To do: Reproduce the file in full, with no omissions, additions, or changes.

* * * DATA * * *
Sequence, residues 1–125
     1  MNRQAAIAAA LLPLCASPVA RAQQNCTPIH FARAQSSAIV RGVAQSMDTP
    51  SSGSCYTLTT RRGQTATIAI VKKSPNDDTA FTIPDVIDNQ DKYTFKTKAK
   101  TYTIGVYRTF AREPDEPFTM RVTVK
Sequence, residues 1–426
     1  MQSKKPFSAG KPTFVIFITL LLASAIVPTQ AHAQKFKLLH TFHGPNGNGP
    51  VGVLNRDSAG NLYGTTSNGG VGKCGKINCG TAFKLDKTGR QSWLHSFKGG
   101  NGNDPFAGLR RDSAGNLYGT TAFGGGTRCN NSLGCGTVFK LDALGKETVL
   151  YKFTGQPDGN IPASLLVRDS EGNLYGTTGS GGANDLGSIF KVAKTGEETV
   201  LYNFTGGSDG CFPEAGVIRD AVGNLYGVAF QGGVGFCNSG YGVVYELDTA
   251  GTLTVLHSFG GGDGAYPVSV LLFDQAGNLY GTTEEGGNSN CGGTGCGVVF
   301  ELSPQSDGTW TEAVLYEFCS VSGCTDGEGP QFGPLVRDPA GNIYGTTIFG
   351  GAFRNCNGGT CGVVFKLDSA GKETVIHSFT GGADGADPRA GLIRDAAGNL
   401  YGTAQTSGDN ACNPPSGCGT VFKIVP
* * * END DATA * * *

Sequence, residues 1–125
     1  MNRQAAIAAA LLPLCASPVA RAQQNCTPIH FARAQSSAIV RGVAQSMDTP
    51  SSGSCYTLTT RRGQTATIAI VKKSPNDDTA FTIPDVIDNQ DKYTFKTKAK
   101  TYTIGVYRTF AREPDEPFTM RVTVK
Sequence, residues 1–426
     1  MQSKKPFSAG KPTFVIFITL LLASAIVPTQ AHAQKFKLLH TFHGPNGNGP
    51  VGVLNRDSAG NLYGTTSNGG VGKCGKINCG TAFKLDKTGR QSWLHSFKGG
   101  NGNDPFAGLR RDSAGNLYGT TAFGGGTRCN NSLGCGTVFK LDALGKETVL
   151  YKFTGQPDGN IPASLLVRDS EGNLYGTTGS GGANDLGSIF KVAKTGEETV
   201  LYNFTGGSDG CFPEAGVIRD AVGNLYGVAF QGGVGFCNSG YGVVYELDTA
   251  GTLTVLHSFG GGDGAYPVSV LLFDQAGNLY GTTEEGGNSN CGGTGCGVVF
   301  ELSPQSDGTW TEAVLYEFCS VSGCTDGEGP QFGPLVRDPA GNIYGTTIFG
   351  GAFRNCNGGT CGVVFKLDSA GKETVIHSFT GGADGADPRA GLIRDAAGNL
   401  YGTAQTSGDN ACNPPSGCGT VFKIVP